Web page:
Enterprise services steal Supercomm spotlight.


Business services lack the sex appeal of IP video and triple-play offerings, but as Supercomm 2005 activity reinforced, new data services will be the primary revenue generators for the carrier community in its drive to a converged IP-based network.

Carrier Ethernet services, in particular, stole the spotlight at Supercomm, beginning with the Metro Ethernet Forum's initial demonstration of carrier Ethernet, based on its developing standards and certification programs. Its SuperDemo featured 30 member companies running live applications such as IPTV, voice over IP (VoIP) and Gigabit Internet access over a live network that met the 11 specifications of the carrier Ethernet standard.

One MEF member, Riverstone Networks, showed not only its Ethernet technology but also a customer, Telefonica, that is well ahead of U.S. service providers in migrating its network. The Spanish operator decided two years ago to stop investing in an ATM/SDH network and instead transition to Ethernet.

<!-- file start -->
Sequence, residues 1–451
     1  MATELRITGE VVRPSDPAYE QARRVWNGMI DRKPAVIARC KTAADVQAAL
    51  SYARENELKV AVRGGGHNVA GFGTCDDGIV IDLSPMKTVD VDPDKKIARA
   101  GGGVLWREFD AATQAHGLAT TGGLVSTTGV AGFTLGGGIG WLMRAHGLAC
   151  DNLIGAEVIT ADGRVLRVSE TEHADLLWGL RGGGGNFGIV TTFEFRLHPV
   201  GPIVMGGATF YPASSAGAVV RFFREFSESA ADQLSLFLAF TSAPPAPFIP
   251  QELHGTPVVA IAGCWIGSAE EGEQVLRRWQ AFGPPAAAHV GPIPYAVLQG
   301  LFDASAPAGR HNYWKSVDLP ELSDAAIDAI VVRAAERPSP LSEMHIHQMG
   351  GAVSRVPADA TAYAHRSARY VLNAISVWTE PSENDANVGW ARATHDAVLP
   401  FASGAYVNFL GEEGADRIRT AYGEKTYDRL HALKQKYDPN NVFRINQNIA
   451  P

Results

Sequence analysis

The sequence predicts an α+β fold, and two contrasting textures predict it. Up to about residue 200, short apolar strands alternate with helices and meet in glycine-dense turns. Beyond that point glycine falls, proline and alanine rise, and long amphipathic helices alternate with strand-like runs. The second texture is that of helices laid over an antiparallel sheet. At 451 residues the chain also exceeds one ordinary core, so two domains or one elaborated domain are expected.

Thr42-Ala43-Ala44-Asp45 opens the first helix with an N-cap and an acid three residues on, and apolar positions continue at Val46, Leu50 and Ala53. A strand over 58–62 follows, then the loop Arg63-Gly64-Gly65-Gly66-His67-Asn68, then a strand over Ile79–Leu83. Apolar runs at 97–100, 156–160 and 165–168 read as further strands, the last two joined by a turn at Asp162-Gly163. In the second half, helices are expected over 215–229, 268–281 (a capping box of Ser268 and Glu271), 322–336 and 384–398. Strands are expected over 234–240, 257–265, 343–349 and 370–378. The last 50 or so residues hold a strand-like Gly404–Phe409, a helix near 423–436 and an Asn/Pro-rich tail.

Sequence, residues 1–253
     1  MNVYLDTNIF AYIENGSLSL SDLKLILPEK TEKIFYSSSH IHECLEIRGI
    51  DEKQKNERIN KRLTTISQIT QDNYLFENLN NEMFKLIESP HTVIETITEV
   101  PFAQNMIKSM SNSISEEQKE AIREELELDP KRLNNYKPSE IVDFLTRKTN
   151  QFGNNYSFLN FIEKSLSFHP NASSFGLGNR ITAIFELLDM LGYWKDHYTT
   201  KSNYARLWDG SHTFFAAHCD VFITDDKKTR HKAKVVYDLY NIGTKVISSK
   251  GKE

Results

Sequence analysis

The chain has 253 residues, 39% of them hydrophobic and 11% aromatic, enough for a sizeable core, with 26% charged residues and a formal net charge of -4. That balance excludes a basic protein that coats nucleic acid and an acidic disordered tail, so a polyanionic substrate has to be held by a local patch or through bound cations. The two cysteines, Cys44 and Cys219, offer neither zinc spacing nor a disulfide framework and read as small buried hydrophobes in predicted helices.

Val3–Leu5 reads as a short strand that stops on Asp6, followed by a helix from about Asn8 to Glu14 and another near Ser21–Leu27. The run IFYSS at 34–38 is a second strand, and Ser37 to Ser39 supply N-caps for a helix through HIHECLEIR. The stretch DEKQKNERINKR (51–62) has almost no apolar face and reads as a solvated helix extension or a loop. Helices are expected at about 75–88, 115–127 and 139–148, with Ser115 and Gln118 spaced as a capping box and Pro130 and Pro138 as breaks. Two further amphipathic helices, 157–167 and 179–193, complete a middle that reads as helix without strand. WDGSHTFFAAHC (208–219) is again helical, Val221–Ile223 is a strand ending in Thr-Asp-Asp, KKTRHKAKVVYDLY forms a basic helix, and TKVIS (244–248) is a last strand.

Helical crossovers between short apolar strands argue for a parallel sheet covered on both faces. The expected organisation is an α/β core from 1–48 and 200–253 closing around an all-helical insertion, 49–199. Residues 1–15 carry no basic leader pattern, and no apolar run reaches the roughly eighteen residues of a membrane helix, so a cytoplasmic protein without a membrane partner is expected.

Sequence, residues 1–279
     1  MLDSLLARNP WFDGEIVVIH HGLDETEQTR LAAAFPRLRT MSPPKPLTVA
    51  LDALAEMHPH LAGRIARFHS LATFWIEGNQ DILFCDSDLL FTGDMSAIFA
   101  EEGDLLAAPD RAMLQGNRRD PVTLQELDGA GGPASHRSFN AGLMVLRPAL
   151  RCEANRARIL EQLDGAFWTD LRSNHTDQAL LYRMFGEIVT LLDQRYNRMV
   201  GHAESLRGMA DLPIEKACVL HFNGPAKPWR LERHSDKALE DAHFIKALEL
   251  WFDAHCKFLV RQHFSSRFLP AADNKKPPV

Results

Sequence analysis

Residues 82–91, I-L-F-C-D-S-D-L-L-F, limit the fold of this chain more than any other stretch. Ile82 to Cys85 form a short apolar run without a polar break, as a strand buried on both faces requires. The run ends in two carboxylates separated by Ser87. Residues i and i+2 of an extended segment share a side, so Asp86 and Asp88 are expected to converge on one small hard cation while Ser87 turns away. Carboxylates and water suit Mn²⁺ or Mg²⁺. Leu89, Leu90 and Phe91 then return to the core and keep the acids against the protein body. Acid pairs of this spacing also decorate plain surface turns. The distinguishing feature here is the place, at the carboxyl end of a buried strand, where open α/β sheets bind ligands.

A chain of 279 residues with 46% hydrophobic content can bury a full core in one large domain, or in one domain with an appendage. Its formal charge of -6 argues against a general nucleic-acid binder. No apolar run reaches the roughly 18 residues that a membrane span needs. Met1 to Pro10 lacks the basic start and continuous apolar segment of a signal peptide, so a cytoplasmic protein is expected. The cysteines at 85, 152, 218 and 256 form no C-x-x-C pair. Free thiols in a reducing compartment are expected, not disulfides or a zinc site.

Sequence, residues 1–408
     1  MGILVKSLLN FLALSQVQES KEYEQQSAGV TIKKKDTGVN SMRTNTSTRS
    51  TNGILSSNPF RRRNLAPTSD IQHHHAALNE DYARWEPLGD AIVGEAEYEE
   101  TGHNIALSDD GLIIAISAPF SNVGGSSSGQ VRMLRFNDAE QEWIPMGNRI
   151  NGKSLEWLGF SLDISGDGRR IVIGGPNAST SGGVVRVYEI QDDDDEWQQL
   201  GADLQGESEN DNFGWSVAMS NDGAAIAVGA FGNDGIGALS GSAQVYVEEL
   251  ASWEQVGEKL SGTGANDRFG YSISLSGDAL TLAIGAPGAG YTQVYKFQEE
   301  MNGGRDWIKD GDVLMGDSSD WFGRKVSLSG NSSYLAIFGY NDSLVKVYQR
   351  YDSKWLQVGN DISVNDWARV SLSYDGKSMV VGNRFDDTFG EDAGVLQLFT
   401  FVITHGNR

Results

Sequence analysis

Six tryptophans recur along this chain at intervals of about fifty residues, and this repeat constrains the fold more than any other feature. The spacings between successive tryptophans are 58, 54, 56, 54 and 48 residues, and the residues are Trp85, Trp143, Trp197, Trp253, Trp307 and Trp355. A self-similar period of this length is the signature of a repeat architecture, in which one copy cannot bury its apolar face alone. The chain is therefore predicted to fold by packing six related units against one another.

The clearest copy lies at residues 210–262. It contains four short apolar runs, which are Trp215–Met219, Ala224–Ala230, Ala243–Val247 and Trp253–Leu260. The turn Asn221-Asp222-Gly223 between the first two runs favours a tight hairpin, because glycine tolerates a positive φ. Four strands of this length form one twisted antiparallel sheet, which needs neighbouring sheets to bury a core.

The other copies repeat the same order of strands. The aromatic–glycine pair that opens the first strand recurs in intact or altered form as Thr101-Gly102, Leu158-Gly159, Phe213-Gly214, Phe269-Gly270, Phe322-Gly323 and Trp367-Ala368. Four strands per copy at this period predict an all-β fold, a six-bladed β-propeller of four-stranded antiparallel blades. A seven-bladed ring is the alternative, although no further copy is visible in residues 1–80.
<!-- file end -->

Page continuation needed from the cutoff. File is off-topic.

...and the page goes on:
Luis Fernandez Vega, Telefonica's manager of technology planning and transmission, was on hand at Supercomm to talk about his company's aggressive move to all Ethernet. Within the next six months, Telefonica will merge its two separate Ethernets, one for business and one for its residential triple-play customers, into a single infrastructure.

"Within the next six months, we will have national coverage for our bundled service," he said. "We have been operating a network for residences and a network for business customers, but both have the same architecture, and we are trying to use the same technology solutions. By the end of the year, we will combine them, and we will be able to offer service to any customer from the one network."

The result will be substantial cost savings for the Spanish telecom provider he said, based on much simpler network operation. …

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